"Hi. I'm Samuel L. Jackson. There's a special congressional election on April 18th. What can you do? Go vote! Your vote goes a long way toward setting things right in this country. Vote for the Democratic Party. Stop Donald Trump, the man who encourages racial and religious discrimination, and sexism. Remember what happened the last time people stayed home. We got stuck with Trump. We have to channel the great vengeance and furious anger we have for this administration into votes at the ballot box. Do your friends and family a favor. Hell, do yourself a favor and vote on April 18th, and make sure to vote for the Democratic Party."
Yes, he delivers the bolded line exactly the way you'd wish. Now let's hope voters respond in kind.
● WA State Senate: Despite only controlling a minority of 24 of 49 seats in Democratic-leaning Washington's state Senate, Republicans run the upper chamber thanks to one renegade Democrat who caucuses with them, state Sen. Tim Sheldon. Mainstream Democrats have a fighting chance to recapture power this November in the 45th state Senate District special election to replace deceased GOP state Sen. Andy Hill. If they win, Team Blue would regain unified control over state government thanks to their hold on the state House and governor's office. (Meanwhile, New York Senate Democrats would kill to have just one wayward member to worry about.)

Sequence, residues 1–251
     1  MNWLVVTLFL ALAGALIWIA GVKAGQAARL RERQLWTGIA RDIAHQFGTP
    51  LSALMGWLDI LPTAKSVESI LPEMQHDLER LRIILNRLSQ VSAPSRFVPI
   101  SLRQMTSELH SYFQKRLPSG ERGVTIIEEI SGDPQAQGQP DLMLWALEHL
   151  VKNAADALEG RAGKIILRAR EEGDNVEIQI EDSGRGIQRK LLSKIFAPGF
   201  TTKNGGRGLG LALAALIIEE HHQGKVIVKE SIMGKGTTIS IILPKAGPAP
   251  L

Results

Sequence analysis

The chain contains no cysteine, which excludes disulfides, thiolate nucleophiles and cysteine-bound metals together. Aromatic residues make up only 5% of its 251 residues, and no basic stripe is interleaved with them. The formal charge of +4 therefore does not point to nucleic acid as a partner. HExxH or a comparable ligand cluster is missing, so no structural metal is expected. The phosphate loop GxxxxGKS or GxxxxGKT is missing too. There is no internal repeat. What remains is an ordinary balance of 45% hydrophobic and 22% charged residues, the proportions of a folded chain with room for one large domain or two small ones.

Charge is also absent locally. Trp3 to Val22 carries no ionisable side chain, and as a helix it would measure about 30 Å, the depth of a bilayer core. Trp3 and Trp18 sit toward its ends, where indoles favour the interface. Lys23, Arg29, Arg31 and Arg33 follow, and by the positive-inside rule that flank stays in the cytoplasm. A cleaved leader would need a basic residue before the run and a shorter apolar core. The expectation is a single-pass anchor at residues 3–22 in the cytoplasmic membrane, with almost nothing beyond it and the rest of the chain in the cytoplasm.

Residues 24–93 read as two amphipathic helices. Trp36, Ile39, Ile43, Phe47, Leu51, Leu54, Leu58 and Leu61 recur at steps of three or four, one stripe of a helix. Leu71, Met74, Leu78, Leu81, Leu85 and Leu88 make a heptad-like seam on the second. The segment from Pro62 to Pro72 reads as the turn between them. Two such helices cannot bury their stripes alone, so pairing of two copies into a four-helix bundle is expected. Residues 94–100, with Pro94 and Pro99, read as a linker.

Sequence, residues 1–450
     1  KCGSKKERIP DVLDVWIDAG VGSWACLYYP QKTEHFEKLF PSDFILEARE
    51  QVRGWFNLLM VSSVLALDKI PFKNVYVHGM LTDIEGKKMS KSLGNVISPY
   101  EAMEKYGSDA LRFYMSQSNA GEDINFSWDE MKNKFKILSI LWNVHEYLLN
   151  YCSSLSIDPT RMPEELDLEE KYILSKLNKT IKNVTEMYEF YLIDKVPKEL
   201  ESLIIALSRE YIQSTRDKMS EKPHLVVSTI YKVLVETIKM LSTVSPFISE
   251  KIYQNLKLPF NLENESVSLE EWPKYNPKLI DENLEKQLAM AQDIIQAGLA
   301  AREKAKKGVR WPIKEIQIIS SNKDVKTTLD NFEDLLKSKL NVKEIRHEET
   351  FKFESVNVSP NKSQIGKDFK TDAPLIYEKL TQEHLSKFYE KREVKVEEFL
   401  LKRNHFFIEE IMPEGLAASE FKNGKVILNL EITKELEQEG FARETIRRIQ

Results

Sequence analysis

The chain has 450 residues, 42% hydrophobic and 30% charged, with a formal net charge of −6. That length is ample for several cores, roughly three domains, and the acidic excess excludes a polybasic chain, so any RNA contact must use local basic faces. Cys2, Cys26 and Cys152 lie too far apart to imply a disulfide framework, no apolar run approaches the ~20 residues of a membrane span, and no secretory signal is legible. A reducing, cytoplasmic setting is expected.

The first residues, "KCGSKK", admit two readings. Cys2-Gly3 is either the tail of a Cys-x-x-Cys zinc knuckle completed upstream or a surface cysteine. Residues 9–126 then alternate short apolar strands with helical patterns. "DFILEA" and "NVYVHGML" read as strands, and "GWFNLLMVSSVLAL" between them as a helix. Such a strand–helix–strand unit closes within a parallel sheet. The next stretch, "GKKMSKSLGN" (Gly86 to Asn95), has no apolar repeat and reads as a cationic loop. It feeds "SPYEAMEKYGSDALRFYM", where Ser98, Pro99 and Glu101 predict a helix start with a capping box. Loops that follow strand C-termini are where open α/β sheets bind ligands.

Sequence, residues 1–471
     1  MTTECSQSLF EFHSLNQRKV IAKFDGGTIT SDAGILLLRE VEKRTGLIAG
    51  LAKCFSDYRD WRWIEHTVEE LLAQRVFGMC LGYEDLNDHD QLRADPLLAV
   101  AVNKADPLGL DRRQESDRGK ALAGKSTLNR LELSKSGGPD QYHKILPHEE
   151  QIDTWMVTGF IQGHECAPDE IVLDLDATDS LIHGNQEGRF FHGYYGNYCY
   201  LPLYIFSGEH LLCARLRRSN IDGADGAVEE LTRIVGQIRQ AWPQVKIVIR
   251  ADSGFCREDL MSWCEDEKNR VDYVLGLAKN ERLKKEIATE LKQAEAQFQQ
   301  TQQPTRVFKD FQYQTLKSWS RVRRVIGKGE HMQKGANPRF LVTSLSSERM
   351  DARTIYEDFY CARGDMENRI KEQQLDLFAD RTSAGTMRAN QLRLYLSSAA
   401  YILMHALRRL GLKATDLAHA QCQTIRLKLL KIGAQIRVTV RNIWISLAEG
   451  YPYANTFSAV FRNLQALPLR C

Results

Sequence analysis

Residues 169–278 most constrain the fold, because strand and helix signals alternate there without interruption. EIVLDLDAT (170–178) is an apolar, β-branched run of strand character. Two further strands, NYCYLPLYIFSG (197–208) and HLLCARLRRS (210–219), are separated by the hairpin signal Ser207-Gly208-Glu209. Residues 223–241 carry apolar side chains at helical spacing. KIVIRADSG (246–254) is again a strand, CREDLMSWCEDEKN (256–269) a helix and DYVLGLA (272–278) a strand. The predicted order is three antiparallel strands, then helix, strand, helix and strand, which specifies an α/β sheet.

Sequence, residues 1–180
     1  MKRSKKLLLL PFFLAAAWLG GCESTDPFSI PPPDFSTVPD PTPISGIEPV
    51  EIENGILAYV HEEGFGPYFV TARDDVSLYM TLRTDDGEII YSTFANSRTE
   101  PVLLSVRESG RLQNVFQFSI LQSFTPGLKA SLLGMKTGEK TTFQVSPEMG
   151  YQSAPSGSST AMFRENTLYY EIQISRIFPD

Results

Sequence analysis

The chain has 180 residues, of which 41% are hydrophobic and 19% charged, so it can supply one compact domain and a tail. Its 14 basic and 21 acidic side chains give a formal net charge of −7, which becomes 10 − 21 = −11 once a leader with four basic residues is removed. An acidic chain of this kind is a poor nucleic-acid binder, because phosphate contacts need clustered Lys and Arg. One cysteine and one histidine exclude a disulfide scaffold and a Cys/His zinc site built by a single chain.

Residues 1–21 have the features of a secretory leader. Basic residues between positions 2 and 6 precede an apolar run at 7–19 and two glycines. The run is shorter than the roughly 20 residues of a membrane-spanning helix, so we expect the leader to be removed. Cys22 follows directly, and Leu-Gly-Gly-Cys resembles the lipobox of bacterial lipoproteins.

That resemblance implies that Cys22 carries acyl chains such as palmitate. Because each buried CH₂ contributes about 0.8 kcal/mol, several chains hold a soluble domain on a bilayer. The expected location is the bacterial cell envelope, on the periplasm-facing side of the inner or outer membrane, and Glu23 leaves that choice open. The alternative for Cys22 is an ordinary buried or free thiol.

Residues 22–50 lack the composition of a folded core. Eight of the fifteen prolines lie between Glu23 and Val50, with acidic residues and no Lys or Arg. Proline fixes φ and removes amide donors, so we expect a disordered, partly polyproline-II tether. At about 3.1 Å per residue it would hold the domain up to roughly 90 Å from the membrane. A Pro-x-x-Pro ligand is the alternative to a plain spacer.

Democrats have united behind senior King County prosecutor Manka Dhingra, but Republicans have struggled to find a candidate. Interim GOP state Sen. Dino Rossi, who narrowly lost high-profile races for governor and Senate in 2004, 2008, and 2010, announced he wouldn't run. Instead, Rossi has thrown his backing to Jinyoung Lee Englund, who once worked on the staff of eastern Washington Rep. Cathy McMorris Rodgers, but has no track record of winning electoral office and could struggle to overcome her party label.
Located in Seattle's northeastern suburbs, this highly educated seat favored Hillary Clinton by a 65-28 landslide after having supported Barack Obama by a still hefty 58-40 in 2012. That makes it particularly hostile turf for Republicans, especially in an era where Donald Trump appears to have energized Democratic downballot mobilization. Indeed, a March PPP poll found Dhingra leading even Rossi 46-40, while Trump had an abysmal 30 percent approval rating in the district. Against a less-established foe like Englund, Dhingra's chances might look even better.
The Daily Kos Elections Morning Digest is compiled by David Nir, Jeff Singer, and Stephen Wolf, with additional contributions from David Jarman, Steve Singiser, Daniel Donner, and James Lambert.